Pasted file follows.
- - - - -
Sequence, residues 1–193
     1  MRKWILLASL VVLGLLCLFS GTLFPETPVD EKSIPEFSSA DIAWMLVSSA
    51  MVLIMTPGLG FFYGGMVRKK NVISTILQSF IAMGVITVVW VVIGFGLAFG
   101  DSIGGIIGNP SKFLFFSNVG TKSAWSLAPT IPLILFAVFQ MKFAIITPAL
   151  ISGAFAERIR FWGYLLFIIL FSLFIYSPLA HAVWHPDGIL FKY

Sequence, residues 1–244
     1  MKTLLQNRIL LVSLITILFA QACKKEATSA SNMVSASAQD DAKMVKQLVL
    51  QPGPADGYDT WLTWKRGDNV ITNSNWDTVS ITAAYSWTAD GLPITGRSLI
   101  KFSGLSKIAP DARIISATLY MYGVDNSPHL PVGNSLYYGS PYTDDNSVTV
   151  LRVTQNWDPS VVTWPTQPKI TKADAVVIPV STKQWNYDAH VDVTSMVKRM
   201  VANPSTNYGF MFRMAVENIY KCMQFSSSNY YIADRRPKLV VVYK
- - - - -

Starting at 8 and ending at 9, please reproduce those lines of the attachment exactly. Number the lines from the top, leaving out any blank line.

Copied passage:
    51  QPGPADGYDT WLTWKRGDNV ITNSNWDTVS ITAAYSWTAD GLPITGRSLI
   101  KFSGLSKIAP DARIISATLY MYGVDNSPHL PVGNSLYYGS PYTDDNSVTV